World News

Official: Indonesian family that joined IS now in Iraq

Posted 5:14 a.m. Friday
Updated 5:16 a.m. Friday

— A Jakarta family who joined the Islamic State group in Syria out of an apparently naive belief it would give them a better life is now in Iraq and in contact with the Indonesian government, a senior Indonesian official said Friday.

Deputy Foreign Minister Abdurrahman M. Fachir said that the family of 17, which includes young children and teenagers, is safe but also indicated their journey won't be straightforward.

The government in Baghdad only controls parts of Iraq and the family's travel involves dealing with different authorities depending on what region they're moving through. Some areas are controlled by Iraqi Kurdish troops known as the Peshmerga while others are held by government troops and various militias. The family crossed into Iraq from Syria on Tuesday, a local Kurdish official told The Associated Press earlier this week.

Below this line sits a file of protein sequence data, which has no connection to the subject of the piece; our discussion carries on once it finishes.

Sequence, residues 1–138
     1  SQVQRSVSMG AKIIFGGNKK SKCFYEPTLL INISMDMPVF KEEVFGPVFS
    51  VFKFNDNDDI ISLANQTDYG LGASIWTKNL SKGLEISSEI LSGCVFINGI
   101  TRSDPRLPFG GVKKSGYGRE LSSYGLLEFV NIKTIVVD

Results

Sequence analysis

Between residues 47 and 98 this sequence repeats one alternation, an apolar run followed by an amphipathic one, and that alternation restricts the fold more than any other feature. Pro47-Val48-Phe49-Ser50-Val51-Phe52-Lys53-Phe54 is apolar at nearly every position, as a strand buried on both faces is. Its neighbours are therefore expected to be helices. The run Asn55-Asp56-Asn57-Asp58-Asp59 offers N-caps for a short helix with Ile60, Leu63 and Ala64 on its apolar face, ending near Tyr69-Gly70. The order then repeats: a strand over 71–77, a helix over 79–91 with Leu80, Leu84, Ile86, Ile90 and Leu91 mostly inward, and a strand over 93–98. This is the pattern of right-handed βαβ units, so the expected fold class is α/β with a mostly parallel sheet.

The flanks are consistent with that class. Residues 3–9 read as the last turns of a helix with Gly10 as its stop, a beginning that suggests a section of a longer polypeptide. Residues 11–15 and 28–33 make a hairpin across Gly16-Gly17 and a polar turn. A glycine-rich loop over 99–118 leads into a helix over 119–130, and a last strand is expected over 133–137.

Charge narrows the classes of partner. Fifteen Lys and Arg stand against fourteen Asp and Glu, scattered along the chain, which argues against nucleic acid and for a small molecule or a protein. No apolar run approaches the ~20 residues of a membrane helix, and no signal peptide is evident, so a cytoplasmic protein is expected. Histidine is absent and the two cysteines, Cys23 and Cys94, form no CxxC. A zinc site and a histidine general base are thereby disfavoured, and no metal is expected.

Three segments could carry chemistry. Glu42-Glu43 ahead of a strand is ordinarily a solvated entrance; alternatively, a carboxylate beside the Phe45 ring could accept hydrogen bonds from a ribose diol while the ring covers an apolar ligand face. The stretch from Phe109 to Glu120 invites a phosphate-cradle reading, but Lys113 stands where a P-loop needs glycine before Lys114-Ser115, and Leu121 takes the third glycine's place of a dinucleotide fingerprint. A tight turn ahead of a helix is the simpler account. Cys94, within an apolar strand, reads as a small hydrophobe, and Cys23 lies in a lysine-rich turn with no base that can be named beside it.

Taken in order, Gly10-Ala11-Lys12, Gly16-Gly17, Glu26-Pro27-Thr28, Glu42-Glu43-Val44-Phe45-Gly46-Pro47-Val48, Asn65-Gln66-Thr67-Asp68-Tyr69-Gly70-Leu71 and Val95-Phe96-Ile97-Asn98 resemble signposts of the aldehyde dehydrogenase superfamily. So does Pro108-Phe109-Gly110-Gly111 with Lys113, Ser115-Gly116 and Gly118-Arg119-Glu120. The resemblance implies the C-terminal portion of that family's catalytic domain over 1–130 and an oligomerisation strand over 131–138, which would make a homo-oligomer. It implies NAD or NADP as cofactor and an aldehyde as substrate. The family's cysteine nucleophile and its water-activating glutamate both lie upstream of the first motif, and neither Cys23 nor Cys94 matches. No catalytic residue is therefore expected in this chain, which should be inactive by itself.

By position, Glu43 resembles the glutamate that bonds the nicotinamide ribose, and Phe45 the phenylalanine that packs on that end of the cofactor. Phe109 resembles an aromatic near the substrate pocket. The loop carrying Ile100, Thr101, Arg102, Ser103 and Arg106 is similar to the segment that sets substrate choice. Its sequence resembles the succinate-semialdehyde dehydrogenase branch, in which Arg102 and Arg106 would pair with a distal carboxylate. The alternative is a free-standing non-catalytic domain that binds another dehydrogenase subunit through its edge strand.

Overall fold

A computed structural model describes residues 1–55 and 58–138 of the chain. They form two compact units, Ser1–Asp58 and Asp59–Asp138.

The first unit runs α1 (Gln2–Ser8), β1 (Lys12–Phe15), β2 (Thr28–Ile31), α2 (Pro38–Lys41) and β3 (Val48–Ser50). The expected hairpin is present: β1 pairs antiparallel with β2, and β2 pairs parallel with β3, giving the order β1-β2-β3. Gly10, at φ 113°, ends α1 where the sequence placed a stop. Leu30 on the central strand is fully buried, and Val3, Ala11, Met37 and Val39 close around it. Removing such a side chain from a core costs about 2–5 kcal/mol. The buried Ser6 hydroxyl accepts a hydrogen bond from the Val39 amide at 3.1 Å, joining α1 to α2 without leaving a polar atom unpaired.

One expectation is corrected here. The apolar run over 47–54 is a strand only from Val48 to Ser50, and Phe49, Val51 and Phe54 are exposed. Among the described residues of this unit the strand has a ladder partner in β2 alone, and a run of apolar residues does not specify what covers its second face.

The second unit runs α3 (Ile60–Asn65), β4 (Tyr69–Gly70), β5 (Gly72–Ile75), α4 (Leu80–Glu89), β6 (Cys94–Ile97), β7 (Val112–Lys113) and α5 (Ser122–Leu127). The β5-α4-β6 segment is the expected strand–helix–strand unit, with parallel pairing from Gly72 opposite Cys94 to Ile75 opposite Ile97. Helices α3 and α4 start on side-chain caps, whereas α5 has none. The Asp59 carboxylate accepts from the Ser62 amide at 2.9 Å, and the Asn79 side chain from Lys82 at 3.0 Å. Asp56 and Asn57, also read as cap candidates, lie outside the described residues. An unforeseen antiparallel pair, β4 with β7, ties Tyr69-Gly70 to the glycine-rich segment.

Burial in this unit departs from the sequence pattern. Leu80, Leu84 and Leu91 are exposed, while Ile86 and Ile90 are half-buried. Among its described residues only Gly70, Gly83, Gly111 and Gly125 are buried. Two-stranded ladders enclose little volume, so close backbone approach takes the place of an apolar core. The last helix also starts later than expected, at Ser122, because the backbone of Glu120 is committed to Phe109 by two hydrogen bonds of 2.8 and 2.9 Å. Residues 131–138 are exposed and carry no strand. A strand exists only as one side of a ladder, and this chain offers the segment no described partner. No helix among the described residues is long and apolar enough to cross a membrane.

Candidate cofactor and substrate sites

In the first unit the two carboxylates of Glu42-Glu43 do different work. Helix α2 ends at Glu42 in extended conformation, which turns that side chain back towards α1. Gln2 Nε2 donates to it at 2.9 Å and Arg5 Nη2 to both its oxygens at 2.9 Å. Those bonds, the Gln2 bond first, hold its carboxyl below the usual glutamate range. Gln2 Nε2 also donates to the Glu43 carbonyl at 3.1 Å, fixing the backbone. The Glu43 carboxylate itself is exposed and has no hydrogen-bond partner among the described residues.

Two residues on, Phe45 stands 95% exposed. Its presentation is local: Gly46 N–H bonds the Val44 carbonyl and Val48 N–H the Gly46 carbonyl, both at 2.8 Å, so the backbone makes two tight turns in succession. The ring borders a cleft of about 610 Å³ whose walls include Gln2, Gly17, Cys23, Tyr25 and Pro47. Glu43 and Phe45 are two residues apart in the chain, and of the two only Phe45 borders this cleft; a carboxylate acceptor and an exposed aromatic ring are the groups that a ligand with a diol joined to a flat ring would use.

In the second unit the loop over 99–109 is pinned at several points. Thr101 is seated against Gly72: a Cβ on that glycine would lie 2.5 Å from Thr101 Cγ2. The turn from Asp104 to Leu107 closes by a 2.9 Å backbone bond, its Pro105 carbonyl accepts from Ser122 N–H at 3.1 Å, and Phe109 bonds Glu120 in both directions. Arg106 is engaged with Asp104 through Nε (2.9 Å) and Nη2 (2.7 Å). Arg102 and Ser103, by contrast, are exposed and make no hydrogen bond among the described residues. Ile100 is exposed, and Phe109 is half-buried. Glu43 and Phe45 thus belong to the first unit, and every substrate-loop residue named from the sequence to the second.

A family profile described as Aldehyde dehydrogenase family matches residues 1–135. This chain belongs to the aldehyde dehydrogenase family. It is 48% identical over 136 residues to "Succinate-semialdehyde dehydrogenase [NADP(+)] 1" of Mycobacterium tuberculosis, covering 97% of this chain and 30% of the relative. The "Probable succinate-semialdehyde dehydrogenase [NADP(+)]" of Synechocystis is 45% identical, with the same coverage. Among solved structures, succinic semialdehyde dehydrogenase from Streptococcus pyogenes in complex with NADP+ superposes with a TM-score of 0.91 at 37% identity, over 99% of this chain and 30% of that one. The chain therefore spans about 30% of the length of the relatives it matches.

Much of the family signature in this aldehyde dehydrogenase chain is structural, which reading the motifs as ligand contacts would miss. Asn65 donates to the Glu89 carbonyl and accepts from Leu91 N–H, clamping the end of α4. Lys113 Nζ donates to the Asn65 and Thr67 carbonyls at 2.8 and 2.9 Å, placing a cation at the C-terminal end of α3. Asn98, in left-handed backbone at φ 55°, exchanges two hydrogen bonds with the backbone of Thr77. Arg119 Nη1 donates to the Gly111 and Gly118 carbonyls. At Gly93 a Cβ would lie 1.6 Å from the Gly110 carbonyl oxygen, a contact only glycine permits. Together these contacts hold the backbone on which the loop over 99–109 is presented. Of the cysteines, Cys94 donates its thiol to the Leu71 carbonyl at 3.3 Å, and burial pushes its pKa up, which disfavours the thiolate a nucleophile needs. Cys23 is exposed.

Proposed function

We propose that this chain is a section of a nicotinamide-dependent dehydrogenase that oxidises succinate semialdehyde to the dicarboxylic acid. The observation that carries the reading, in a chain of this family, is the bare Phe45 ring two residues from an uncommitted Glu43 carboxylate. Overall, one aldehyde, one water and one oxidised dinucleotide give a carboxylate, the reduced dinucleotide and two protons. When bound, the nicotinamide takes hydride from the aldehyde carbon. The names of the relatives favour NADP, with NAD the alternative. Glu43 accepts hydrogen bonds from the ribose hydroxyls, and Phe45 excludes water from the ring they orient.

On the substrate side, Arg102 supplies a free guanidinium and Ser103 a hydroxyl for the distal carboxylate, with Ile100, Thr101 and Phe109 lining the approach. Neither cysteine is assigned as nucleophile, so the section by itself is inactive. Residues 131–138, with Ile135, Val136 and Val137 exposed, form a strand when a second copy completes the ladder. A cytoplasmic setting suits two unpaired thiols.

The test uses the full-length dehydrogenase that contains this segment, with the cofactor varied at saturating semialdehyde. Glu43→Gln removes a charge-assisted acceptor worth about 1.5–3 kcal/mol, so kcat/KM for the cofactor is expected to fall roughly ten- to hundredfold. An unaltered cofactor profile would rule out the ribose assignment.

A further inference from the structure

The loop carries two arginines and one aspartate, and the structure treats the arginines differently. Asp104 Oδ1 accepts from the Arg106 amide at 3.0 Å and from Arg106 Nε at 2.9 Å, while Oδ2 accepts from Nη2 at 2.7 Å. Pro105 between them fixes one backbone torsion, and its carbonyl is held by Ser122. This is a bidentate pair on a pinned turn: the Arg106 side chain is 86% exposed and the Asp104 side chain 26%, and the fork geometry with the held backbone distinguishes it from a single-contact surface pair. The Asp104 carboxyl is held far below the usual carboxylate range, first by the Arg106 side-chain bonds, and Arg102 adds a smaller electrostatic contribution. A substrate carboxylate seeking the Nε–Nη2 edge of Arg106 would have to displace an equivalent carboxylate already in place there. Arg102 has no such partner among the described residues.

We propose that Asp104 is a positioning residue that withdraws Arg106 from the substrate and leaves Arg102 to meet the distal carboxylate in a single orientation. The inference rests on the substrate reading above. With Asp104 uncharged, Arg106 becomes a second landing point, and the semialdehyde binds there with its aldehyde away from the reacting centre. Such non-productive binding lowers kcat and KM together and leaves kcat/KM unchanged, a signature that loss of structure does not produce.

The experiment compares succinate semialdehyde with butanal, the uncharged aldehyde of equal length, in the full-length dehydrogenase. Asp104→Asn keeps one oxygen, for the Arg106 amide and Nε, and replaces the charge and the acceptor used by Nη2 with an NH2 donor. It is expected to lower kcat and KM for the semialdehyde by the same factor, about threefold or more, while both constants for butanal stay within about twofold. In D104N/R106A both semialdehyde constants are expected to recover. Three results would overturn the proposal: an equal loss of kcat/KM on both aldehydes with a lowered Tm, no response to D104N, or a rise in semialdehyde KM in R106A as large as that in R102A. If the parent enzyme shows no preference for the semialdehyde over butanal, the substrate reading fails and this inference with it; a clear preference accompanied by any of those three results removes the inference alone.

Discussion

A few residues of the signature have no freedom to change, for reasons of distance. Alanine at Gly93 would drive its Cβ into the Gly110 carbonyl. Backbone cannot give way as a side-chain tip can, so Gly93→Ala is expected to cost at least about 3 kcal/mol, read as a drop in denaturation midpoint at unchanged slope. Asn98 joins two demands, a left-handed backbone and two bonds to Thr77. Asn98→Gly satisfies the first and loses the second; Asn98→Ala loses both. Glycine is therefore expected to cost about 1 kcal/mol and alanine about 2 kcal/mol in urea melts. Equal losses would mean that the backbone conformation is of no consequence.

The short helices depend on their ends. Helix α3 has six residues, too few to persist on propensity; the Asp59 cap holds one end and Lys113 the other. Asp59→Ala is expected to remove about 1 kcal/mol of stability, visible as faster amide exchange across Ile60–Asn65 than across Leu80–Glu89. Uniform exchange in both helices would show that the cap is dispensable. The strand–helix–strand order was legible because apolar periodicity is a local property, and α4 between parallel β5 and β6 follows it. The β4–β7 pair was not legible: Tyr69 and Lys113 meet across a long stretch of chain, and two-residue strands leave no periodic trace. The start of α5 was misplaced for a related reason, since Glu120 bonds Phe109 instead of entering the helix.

"Our representatives in Baghdad are trying to oversee this process," Fachir said. "But of course, we have to really understand the situation."

"There are some regions they have to travel through and each region has its own characteristics," he said.

Last month, an AP team in the Syrian city of Raqqa met with members of the family who were living in a camp for the displaced and reported on their journey two years ago from Jakarta to IS's self-proclaimed capital.

They told AP of how their dreams were crushed in the face of IS brutality and terror and how different the reality of life under the militants was from the utopian dream of an Islamic society they had pursued.

Fachir said it's not clear how long it will take for the family to get back home.

On social media in Indonesia, their story has elicited some sympathy but mostly derision.

Communal tensions and attacks on minorities in the past year have undermined Indonesia's reputation for practicing a moderate form of Islam, but surveys show the bulk of people are not in favor of hard-line groups that want to replace secular government with a caliphate.

Indonesia's Foreign Affairs Ministry said earlier this week it had obtained information that the group were not fighters, some had spent most of their time in Syria in IS jails or other isolated conditions, and had fled Raqqa with the help of a third party on June 10.

The government has said several hundred Indonesian militants traveled to Syria and Iraq to fight with IS when it controlled large swathes of territory in those countries.

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